Artworks themed on the concept of the mirror draw on research by Dr Tom Rutter, School of English, on Shakespeare and early modern science. The artworks by Gina Allen juxtapose Renaissance ideas about the universe, matter and the body with modern anxieties such as climate change, pollution and disease.
About the project
This project puts the science of Shakespeare’s time into dialogue with modern priorities and concerns. Early modern people sought answers to familiar scientific questions: what are the causes of events in the sky and on earth? What is the universe made of? Why do we get ill? Although the answers they found sometimes seem close to those of today, they were often underpinned by theories that have since been superseded — for example that the earth was at the centre of the cosmos, or that human health was influenced by the four humours. However, not only do these concepts remain striking, interesting and, at times, easy to relate to: they also offer a way of rethinking our own assumptions about the world and our place in it. How would Renaissance meteorologists have understood the climate emergency? Does classical atomism help us to think about plastics pollution? What measures might have been taken against Covid-19 in Shakespeare’s London?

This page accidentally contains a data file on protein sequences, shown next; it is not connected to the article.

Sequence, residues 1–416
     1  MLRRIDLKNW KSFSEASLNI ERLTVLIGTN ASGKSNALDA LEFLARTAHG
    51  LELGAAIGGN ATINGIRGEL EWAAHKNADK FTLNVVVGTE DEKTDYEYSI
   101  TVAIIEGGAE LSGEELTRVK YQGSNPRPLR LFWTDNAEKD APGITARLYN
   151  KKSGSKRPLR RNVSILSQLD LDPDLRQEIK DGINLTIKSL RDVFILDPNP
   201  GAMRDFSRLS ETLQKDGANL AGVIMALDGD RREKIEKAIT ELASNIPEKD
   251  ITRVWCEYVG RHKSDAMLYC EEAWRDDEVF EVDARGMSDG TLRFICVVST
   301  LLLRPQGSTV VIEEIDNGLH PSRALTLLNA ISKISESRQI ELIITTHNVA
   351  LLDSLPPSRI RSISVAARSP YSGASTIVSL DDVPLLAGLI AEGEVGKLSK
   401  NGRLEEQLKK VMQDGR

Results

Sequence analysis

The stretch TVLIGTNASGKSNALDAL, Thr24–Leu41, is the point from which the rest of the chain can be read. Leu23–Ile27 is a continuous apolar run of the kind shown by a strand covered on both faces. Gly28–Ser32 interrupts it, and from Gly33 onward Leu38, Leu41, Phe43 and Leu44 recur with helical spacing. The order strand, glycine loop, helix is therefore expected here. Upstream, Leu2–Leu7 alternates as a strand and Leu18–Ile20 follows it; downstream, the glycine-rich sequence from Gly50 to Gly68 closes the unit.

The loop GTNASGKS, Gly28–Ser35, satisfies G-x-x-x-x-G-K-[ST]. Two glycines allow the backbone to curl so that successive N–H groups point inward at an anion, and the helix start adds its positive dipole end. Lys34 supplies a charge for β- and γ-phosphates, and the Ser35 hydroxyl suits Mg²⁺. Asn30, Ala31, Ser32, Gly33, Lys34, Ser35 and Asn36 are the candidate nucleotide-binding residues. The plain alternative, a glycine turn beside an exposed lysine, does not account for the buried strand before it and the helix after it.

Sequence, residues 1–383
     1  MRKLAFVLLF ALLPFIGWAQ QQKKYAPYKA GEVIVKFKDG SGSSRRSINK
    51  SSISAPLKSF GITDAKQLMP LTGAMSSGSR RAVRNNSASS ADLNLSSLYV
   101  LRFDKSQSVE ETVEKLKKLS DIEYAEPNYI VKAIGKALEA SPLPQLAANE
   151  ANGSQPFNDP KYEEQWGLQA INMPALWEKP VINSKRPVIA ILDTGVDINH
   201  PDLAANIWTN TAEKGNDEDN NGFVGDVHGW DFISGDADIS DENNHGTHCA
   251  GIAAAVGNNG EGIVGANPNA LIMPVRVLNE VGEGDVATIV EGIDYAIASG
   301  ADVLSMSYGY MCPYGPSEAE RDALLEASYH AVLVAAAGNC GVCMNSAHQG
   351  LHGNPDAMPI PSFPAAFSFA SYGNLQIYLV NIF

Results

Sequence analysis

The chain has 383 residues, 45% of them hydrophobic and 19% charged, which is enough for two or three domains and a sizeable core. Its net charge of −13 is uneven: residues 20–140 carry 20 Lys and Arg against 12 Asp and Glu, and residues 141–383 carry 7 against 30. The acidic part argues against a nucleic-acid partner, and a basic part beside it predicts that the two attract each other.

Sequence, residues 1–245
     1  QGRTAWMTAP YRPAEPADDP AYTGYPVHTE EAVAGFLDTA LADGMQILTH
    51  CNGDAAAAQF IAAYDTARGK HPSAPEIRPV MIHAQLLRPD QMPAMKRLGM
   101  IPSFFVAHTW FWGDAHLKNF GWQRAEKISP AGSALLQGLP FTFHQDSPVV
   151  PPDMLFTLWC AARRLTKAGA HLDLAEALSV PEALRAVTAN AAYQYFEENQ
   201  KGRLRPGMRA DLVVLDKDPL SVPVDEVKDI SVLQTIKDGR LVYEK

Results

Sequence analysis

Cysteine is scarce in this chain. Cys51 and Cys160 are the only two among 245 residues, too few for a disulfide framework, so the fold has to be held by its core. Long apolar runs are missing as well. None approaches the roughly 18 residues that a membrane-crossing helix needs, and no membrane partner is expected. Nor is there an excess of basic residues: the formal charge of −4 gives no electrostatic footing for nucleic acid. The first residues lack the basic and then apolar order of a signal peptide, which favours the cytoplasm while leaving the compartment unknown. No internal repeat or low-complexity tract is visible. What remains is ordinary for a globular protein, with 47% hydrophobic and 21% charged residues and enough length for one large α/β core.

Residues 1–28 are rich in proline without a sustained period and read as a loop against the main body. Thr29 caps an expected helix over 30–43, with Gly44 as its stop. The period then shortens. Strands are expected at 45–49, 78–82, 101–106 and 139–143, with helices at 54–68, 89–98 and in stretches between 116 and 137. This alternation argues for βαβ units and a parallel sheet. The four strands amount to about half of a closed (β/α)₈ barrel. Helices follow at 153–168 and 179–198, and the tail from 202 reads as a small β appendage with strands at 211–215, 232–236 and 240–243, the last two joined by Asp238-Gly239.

This project uses questions like these as a stimulus to the creation of a three-part atwork by Gina Allen that draws both on early modern and on contemporary scientific concepts and images. It links these using the theme of the mirror, a common motif in the titles of early modern scientific texts (such as William Cunningham’s The Cosmographical Glasse, an image from which appears in the header on our web page). In doing so, it will tries to intervene in the more urgent problem of how to represent the invisible — be that a virus, microparticles, or the destruction of life on earth – in a way that might help to achieve behavioural change.
- Dr Tom Rutter, School of English
- Gina Allen, Artist
Header image is Atlas holding up the earth and heavens, from William Cunningham, The Cosmographical Glasse (London, 1559), STC 4863.5, page 254, image 063906, used with permission of the Folger Shakespeare Library